Lately I’ve been having another go at reviving this blog. I’ve been writing again, which feels good and true and useful, no matter what comes of it. A couple of posts are done and ready to be published next week; others are in the works.
But this one here — this is one I wrestled with for some time. My old “About” section was super outdated. It hadn’t been fundamentally reworked since I started the blog six years ago. I needed something that expressed who I am now and why I’m writing.
So here you have it: some words about me and the blog. It will reside in my new “About” section, but I thought it might also serve as a wave and a hello to old friends, to let you know I’m still here.
Hello, my name is Julie, and I am a wonderer. I’m one of those distracted types – the kind who become absorbed in questions of God, justice, and baked goods while I’m supposed to be doing the dishes.
I am a stay-at-home mother to five young children: three school-aged boys and two preschool-aged girls. They and my husband and I live in a charming, 150-year-old Victorian in Maryland, which holds infinite possibilities for imaginative play and home repairs.
I wrestle every day of my life with how to fulfill my obligations to my family and our home while also doing something constructive with all that wondering.
I started blogging in 2013, back when I was lonely and craving the sort of community I saw among Catholic bloggers online. I wanted to claim my part of it.
I wanted, too, to share the cute kid stories and the homemaking struggles. I wanted to process the ways in which my life had changed since becoming a mother.
In my single twenties I’d earned a degree in political science, done a stint in the federal government, lived on my own in Washington and Annapolis, traveled much of the United States and Europe, and worked as a lobbyist for the Catholic bishops of Maryland.
In my thirties I got married, quit my job, had five babies in seven years, changed an ungodly number of diapers, and pretty much figured out the baby/toddler/preschooler phase of parenting. (Still working on the school-age phase; trying not to think about the teenage phase.)
This year I entered my forties, and I now find myself trying to chart a course that melds the mind/heart work of my twenties with the hand/heart work of my thirties.
Which brings me back to the blog.
When I started These Walls I wanted to do more than the cute kid story thing. I wanted to use my blog to encourage civility in political discussions. That had been my schtick: I’d prided myself on engaging on contentious issues in a respectful, open-minded manner, and I didn’t see why others couldn’t just up and do the same.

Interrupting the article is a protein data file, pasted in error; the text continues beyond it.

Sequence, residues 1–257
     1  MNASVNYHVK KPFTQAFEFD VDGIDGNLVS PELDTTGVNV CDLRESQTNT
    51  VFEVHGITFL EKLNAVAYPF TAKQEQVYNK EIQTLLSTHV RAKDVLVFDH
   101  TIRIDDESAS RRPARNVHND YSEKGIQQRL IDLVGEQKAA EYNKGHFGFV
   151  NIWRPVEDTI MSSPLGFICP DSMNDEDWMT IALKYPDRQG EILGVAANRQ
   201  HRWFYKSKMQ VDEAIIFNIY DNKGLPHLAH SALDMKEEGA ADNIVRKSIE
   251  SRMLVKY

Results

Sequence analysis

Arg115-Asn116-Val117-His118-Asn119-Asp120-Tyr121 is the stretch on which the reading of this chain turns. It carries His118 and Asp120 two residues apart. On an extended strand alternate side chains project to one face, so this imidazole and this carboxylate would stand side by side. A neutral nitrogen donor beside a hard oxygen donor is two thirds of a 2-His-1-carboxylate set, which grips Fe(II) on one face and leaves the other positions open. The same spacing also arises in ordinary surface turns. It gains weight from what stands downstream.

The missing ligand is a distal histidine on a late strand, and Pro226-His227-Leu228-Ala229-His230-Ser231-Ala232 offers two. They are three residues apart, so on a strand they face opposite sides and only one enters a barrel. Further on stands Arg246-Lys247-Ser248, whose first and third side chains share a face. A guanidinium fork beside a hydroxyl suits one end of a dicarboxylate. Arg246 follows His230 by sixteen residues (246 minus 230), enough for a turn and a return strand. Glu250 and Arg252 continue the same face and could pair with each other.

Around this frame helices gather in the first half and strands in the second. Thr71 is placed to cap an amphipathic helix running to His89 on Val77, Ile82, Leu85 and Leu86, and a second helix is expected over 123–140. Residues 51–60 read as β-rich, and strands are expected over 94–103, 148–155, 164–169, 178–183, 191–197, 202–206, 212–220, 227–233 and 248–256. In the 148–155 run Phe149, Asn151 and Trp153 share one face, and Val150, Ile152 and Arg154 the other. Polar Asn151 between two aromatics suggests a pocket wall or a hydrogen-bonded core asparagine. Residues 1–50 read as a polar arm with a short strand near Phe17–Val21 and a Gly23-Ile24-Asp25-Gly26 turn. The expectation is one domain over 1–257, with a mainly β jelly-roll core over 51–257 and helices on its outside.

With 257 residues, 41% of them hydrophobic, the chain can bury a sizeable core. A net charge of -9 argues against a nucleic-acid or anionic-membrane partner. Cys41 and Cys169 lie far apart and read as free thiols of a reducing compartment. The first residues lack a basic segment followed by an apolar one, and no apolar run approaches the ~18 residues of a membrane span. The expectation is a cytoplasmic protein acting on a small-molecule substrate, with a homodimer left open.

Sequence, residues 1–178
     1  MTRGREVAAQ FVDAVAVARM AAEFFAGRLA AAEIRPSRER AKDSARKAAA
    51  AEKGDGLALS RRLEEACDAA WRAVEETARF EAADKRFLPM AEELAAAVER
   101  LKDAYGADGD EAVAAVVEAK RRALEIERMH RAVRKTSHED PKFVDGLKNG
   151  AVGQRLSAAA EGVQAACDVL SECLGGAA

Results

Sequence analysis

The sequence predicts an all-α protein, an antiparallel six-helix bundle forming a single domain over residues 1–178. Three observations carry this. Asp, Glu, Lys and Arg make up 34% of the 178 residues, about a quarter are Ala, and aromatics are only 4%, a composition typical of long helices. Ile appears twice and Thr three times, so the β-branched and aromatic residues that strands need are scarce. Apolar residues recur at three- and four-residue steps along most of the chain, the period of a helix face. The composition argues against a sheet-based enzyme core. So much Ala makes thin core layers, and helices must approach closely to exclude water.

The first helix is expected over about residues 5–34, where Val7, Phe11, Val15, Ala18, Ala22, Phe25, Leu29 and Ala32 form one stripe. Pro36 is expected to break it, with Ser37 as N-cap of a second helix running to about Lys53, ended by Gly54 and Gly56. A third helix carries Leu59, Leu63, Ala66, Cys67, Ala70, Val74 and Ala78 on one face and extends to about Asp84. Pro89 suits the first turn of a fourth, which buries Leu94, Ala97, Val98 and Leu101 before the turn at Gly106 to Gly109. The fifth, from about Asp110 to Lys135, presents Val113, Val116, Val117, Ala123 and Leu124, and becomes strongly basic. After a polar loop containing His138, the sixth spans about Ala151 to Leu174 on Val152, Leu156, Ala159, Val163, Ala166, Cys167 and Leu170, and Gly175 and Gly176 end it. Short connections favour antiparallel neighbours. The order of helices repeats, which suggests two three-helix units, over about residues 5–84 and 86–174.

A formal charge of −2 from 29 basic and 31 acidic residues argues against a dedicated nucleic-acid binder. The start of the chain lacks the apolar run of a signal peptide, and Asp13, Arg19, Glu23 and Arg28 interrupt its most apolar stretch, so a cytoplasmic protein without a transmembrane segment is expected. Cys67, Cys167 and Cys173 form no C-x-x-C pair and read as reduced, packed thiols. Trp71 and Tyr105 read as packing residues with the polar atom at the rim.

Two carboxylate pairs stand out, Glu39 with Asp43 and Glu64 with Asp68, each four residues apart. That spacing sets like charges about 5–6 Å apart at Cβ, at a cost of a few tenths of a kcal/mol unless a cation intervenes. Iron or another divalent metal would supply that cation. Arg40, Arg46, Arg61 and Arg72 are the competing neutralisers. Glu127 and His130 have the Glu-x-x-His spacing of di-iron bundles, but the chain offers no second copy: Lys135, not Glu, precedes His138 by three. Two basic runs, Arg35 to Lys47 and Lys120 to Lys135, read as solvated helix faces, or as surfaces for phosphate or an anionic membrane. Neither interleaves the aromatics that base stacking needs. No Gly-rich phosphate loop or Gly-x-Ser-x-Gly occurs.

I thought we could communicate ourselves out of this mess. That, if only we calmed down and looked around and sought to understand, we could fix the things that were wrong with our society.
Six years later – six years of wrestling with the issues of the day, of struggling to come to terms with shifts in society and politics, of experiencing the changing nature of friendship and community online, of slugging through difficulties with my writing, family life, and health – I now see that that thinking was very small.
You and I and the folks we encounter online can’t just band together to fix society. No strategy, no movement, no social media campaign can right our wrongs and heal our divides. No amount of communication will fix this.
But I can work on fixing myself.
It’s not just our society that’s broken: I am broken. Sin and pain and perspective and the weight of untold generations of history bear down on me. I have much to work on.
I’ll bet you do too. I’ll bet you have something to fix.
These days I’m as absorbed in the ideas and problems of the world as ever. I’m still chewing on politics and current events while I dig my hands into sinks full of dirty dishes. But I am also turning inward. I am examining my thoughts, my gut reactions, my motivations and desires, and I am trying to order them toward goodness. I am working to point myself toward the good, the beautiful, and the true.
It’s a different kind of small thinking.
Few people will ever impact society in a broad way, but every one of us can work to make our own minds, our own souls, our own families, our own relationships with people and communities more healthy and whole.
Follow along with me here at These Walls to peek in on someone trying to do that work – someone wrestling with herself, thinking things through, seeking to understand, and wanting to improve.
And if you’ve been struggling with the urge to fix as I have – well then maybe you can undertake this wrestling, thinking, seeking, wanting-to-improve work too.